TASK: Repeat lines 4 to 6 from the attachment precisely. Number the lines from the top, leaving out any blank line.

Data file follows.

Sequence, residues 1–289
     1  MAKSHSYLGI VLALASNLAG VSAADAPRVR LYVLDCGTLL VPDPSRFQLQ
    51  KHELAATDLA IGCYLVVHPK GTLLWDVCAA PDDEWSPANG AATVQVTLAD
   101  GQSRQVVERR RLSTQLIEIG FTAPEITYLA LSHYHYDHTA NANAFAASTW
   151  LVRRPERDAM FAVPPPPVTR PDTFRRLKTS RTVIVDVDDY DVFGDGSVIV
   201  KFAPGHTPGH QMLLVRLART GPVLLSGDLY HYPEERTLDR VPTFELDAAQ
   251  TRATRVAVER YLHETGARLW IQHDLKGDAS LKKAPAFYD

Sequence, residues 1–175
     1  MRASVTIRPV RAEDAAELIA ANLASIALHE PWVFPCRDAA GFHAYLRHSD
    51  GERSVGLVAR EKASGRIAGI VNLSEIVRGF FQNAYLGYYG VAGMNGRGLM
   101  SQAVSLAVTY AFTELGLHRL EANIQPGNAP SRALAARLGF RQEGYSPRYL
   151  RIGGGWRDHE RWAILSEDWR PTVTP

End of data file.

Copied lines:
   101  GQSRQVVERR RLSTQLIEIG FTAPEITYLA LSHYHYDHTA NANAFAASTW
   151  LVRRPERDAM FAVPPPPVTR PDTFRRLKTS RTVIVDVDDY DVFGDGSVIV
   201  KFAPGHTPGH QMLLVRLART GPVLLSGDLY HYPEERTLDR VPTFELDAAQ